Joyce Craig ’89 is the first female mayor of Manchester, N.H.

Thursday, April 5, 2018
Mayor Craig walks past the three previous mayors of Manchester at her inauguration on January 2.

Mayor Craig walks past the three previous mayors of Manchester at her inauguration on January 2. Courtesy New Hampshire Union Leader/David Lane.

Joyce Craig was elected to the office of mayor for the city of Manchester, New Hampshire, on Nov. 8, 2017, becoming the first woman ever elected mayor of the Queen City. We had a chance to ask the Whittemore School of Business and Economics (now Paul College) alumna about her historic election and how she got there.

Paul College: Congratulations on your election to the office of mayor. What does it feel like to be the first female mayor of Manchester?

Craig: It is a great honor to serve the residents of Manchester as the first female mayor. It was something we didn’t think that much about while we were out campaigning, but as I’ve been in office and heard from women from across the country about their excitement, it’s been wonderful. I’m thrilled this is not an obstacle for anyone else moving forward, and that women and girls across Manchester can see themselves represented in City Hall.

Right now, I’m focused on being the best public servant for the City of Manchester that I can be. I want to be known as a great mayor, I’m not as concerned with being known as the first female mayor.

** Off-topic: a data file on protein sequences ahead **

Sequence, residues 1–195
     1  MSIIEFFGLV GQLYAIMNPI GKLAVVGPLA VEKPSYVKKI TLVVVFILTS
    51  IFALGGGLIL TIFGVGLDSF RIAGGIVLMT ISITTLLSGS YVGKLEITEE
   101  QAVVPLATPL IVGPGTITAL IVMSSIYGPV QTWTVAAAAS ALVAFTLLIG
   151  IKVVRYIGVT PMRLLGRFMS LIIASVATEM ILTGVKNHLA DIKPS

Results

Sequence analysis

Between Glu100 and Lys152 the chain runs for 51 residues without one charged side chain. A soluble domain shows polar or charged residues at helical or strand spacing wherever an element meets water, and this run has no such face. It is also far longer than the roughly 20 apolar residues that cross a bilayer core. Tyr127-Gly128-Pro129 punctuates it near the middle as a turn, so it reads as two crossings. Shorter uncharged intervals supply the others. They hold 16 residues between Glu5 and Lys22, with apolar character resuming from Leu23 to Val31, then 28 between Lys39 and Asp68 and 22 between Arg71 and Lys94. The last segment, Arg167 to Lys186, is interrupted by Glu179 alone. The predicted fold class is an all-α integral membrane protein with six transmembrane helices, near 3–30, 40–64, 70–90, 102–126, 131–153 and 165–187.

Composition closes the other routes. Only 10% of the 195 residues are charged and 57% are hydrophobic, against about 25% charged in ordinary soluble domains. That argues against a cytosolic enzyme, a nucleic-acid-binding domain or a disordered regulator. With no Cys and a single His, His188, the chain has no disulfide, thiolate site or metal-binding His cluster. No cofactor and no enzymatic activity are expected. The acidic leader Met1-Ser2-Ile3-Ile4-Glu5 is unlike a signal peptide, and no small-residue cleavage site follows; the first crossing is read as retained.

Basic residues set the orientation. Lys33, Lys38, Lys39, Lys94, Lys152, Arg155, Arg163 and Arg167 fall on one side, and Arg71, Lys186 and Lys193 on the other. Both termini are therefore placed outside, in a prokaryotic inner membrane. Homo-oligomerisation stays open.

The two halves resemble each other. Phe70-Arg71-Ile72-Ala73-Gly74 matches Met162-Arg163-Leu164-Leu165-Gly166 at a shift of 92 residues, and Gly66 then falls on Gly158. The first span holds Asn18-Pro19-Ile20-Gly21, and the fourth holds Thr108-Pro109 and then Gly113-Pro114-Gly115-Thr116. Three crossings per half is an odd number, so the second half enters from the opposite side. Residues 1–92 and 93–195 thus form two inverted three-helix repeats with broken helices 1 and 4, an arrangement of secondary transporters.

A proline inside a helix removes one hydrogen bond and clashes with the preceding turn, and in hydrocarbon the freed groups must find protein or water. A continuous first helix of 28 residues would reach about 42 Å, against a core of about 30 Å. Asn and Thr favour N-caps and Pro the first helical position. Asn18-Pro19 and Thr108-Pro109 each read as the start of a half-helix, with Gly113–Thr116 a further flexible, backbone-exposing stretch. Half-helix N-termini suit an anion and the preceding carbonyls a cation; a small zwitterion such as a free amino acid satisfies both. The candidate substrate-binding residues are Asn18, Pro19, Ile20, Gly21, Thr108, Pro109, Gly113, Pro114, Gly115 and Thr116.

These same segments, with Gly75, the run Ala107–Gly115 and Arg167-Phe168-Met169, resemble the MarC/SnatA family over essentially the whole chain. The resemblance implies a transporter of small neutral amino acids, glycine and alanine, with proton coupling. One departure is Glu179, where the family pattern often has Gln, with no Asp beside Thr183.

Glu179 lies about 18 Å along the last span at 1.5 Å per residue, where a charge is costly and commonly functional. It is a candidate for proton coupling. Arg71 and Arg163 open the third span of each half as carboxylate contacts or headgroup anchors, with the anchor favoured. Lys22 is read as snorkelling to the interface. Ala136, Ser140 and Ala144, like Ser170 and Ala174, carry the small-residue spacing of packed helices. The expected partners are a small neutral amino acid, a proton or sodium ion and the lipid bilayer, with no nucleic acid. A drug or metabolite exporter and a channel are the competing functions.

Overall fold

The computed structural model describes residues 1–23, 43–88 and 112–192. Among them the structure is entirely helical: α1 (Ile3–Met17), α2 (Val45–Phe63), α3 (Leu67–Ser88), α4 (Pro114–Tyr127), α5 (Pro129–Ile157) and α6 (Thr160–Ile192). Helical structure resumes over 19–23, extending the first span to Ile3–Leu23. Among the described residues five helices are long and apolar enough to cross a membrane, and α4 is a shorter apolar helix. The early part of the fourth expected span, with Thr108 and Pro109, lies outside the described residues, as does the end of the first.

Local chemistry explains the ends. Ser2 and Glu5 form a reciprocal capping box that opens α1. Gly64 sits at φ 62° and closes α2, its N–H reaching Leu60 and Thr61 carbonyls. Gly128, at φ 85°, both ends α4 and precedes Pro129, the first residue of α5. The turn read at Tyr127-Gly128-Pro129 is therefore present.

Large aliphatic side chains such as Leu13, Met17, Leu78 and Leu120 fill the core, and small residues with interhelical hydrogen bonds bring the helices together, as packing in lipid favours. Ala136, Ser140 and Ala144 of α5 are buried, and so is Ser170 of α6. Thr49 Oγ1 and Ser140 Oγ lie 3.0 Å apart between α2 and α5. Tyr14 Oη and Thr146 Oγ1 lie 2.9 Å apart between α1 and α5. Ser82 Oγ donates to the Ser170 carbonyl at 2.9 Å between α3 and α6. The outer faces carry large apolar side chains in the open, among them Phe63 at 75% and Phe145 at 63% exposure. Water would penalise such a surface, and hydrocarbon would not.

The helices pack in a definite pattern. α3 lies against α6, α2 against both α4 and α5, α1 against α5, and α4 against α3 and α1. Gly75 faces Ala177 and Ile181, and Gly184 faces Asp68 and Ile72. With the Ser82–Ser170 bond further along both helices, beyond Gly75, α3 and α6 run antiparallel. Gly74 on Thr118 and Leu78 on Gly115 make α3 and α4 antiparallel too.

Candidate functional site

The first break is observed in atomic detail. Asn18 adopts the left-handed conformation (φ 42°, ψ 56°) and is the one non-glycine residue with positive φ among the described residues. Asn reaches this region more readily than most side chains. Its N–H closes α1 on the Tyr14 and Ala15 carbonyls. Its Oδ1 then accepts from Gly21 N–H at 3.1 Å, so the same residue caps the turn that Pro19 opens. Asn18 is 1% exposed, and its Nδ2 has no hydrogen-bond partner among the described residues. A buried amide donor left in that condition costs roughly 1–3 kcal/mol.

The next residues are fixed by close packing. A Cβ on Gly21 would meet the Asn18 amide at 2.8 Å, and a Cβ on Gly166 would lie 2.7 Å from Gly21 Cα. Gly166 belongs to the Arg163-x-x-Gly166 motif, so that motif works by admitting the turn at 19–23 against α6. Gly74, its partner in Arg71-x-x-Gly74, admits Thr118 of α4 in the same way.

Paul College: Were there any challenges you faced as a woman in your position?

Craig: As a female candidate and elected official, I’m asked about my work- life balance far more than my male counterparts. The “how do you find the time,” or “who is taking care of your children?” comments often come up in conversation. My male counterparts, for the most part, never had to answer for their choice in attire. However, I can’t tell you the number of meetings I’ve sat in where people feel the need to comment on the color of my dress or how I wear my hair.

In short, this is why we need more women elected into leadership roles! I believe the best way to move past the double standards is to have more women running for elected office across state and local levels.

Paul College: What valuable lessons have you learned throughout your career? Is there any advice you’d give to young women pursuing leadership paths in business?

Craig: During my first run for mayor, I lost by 64 votes. But I didn’t give up. I was lucky to grow up with supportive parents who taught me the value of hard work. Following that loss, I stayed active in my community and was able to pick myself up and go through the process again. And this election, I won by 1,499 votes.

To any woman looking to pursue a leadership path in business, I say, don’t give up. I often remind myself that if I believe something, I can achieve it. The roads are challenging and sometimes we’re faced with defeat, but it’s so important to pick yourself back up and push through the hard times.

When I graduated from UNH, I knew I wanted to work in advertising. So, I took a low-level job answering telephones. I found a real benefit in that. Because I started my career at a very low level, I was able to maintain a connection to everyone in the organization as I grew my career, because I was once there. It gave me the experience in working hard to grow my career, but also kept me involved in all parts of the organization. So don’t think that after graduation you need to immediately become your definition of “successful.” Figure out your long-term goals, and do what it takes to help you achieve them.

David Lane | New Hampshire Union Leader